HR Management & Compliance

Employee Lawsuits: Workers’ Comp Release Bars Harassment Claim; 3 Tips On Drafting Releases That Stand Up In Court

No longer limited to back injuries and broken bones, workers’ comp claims have taken on new meaning over the past decade as stress-related claims have become commonplace. While some employers throw their arms up in frustration, a new California Supreme Court ruling demonstrates how handling this kind of claim wisely can limit your exposure to other costly suits—including those for bias, harassment and constructive discharge.

Teaching Assistant Faces Obscenities In Classroom

Mary Jefferson worked part-time for the California Youth Authority (CYA) as Larry Berg’s teaching assistant. Jefferson claimed that Berg and his high school students regularly referred to women in derogatory terms. Jefferson complained to Berg and his supervisors but claimed the sexually offensive conduct continued. CYA eventually transferred Jefferson to another classroom, but her doctor recommended taking some time off for work-related stress.

Jefferson followed her doctor’s advice by leaving the school. She then filed a workers’ compensation claim, contending that she suffered work-related stress from a sexually hostile work environment. Jefferson also filed a harassment charge with the state Department of Fair Employment and Housing.

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Workers’ Comp Claim Settled

Jefferson settled her workers’ comp claim with CYA for $41,639, which was in addition to the significant workers’ compensation benefits she had already received. In settling the case, she signed a standard preprinted workers’ compensation compromise and release form.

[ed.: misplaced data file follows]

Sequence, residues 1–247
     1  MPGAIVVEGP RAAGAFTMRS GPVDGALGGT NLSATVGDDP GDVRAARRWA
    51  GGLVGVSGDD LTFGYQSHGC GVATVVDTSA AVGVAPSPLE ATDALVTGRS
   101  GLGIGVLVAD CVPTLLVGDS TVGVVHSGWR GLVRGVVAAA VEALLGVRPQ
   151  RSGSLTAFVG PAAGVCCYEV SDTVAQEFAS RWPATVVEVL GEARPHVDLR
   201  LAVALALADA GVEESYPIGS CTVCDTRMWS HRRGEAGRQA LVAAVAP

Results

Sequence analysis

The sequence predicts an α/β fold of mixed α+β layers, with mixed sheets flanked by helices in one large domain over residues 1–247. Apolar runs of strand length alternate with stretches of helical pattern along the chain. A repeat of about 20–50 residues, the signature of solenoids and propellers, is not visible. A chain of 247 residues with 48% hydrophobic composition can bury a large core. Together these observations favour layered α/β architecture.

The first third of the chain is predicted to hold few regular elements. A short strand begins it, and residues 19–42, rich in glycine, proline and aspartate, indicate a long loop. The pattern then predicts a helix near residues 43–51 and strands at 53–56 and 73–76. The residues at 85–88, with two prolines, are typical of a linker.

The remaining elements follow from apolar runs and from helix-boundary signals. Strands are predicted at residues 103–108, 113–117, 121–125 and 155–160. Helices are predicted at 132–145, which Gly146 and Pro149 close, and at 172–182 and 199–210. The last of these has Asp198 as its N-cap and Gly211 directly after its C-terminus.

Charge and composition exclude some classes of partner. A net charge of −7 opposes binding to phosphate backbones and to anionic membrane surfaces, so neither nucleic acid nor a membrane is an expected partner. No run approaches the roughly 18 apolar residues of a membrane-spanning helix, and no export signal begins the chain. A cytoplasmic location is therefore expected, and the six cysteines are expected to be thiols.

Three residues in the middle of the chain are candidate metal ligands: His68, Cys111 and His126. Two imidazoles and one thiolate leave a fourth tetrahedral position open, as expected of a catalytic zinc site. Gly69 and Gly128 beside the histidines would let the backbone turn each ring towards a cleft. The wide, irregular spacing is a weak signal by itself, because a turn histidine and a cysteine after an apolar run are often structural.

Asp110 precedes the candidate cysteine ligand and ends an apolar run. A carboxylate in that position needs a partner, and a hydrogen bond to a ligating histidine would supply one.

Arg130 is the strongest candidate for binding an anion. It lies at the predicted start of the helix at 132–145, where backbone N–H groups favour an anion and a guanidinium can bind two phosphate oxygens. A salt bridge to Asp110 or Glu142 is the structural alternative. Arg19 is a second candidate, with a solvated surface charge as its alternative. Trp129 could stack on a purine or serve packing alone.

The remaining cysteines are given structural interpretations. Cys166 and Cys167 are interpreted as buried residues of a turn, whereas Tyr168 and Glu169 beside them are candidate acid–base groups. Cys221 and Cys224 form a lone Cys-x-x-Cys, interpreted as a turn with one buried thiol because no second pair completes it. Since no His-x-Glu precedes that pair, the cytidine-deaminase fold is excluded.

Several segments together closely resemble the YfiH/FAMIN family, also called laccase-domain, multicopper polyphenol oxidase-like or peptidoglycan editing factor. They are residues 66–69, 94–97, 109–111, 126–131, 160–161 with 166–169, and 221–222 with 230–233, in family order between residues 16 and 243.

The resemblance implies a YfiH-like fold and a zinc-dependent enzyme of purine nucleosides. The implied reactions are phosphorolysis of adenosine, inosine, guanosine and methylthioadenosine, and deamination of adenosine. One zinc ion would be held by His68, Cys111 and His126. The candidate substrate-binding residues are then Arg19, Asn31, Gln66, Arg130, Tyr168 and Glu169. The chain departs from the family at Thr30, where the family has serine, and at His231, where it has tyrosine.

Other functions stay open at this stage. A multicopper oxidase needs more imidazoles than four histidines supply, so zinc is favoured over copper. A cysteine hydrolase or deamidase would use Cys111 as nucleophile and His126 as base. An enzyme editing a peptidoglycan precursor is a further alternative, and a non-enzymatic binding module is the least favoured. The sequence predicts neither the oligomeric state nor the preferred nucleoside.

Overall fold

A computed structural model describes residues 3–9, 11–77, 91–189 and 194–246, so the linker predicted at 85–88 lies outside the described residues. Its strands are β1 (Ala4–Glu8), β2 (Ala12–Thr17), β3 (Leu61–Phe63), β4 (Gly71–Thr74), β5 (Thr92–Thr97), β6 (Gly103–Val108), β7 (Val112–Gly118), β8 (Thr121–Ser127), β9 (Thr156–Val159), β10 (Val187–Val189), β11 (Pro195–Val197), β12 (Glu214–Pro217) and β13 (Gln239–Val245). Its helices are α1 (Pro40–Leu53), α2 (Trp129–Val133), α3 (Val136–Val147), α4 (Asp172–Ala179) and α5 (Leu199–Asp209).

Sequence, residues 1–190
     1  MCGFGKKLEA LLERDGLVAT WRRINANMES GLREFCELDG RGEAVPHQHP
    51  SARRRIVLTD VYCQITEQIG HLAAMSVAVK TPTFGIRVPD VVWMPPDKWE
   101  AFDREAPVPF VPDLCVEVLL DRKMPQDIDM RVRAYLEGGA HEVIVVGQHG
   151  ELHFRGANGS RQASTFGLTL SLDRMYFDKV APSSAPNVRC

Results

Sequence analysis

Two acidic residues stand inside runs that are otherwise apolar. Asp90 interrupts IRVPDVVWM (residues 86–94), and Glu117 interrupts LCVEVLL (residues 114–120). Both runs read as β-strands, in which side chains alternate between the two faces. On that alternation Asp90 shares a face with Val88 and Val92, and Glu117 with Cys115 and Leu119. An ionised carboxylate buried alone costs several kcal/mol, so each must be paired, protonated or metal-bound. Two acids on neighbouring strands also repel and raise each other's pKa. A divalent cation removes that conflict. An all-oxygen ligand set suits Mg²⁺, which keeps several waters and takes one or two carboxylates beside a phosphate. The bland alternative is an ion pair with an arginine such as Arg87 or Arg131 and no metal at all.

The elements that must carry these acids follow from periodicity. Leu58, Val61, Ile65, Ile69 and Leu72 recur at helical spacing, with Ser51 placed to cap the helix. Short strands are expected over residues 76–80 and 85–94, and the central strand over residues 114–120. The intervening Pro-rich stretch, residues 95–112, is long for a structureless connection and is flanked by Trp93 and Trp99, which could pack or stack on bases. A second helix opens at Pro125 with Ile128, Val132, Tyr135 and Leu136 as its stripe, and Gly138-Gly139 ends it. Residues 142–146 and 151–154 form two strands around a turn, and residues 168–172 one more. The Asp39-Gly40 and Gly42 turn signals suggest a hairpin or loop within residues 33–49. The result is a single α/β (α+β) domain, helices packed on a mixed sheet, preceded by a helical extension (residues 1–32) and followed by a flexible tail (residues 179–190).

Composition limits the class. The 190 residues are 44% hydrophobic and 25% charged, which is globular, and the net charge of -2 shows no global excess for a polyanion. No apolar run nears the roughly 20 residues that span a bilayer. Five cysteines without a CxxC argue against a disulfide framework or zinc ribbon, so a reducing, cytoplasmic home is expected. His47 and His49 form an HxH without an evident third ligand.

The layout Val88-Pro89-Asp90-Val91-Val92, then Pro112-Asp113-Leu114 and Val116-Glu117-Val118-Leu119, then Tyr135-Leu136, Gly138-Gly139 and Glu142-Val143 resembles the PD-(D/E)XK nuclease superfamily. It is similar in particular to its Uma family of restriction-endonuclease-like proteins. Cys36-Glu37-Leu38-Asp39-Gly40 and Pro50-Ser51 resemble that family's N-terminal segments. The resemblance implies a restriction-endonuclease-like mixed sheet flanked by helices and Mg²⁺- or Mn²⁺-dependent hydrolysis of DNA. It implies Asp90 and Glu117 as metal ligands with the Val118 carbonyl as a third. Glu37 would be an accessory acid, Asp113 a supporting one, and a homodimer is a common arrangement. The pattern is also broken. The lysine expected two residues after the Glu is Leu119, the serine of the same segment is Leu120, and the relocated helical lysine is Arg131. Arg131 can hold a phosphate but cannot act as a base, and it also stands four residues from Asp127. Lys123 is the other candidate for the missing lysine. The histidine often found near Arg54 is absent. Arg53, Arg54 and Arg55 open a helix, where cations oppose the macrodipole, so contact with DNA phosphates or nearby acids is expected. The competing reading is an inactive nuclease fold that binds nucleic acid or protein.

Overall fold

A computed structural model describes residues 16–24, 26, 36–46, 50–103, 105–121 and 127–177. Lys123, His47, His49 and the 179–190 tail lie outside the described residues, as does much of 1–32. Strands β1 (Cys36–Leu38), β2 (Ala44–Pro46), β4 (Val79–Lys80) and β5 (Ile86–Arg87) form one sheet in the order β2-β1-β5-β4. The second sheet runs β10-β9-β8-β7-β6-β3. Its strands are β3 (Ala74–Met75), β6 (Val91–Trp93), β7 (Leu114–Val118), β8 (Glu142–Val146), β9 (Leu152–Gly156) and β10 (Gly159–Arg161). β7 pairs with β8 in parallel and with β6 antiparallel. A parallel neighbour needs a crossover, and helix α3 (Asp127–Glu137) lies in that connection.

The form stated she was releasing her employer from all claims, known and unknown, stemming from her injury. In an attachment to the release, Jefferson agreed this settlement applied to unknown claims resulting from her accident, including civil claims against co-workers.

Employer Claims Release Bars Harassment Lawsuit

Jefferson then sued CYA for sexual harassment. CYA asked the court to dismiss the case because of the signed release. Jefferson argued that she never intended to waive her right to file a harassment claim and that the workers’ comp waiver did not specify that this kind of claim was given up. The trial and appeals courts sided with CYA.

Court Upholds General Release

Now the California Supreme Court has upheld the release and tossed out Jefferson’s lawsuit. The court said that the general release Jefferson signed clearly waived all claims related to her underlying injury and didn’t specifically exclude harassment claims. What’s more, the court noted Jefferson knew about her potential civil harassment claim when she signed the agreement. Plus, the attachment that waived any civil claims against co-workers suggested the release was intended to encompass issues besides workers’ comp.

Drafting Tips

Although the court upheld the broad language in this release, it’s important to be very careful about the wording in releases. Here are some suggestions for avoiding problems in this area:


  1. Make sure releases cover all claims. State that the release covers all claims the worker may have against you—and specify any particular claims you believe may arise. Also indicate that it covers any unknown claims resulting from the same injury.


  2. Use care with preprinted forms. Pay particular attention to preprinted releases to be sure they aren’t too broad. Modify them if necessary by including attachments. Adding an attachment that referenced civil claims helped support CYA’s argument that Jefferson intended to settle both the civil and workers’ comp claims.


  3. Advise employees to review the release and consult an attorney. The court recognized that Jefferson admitted she read the release and sought legal advice. And the court pointed out that the language should be clear and simple so an employee can understand it.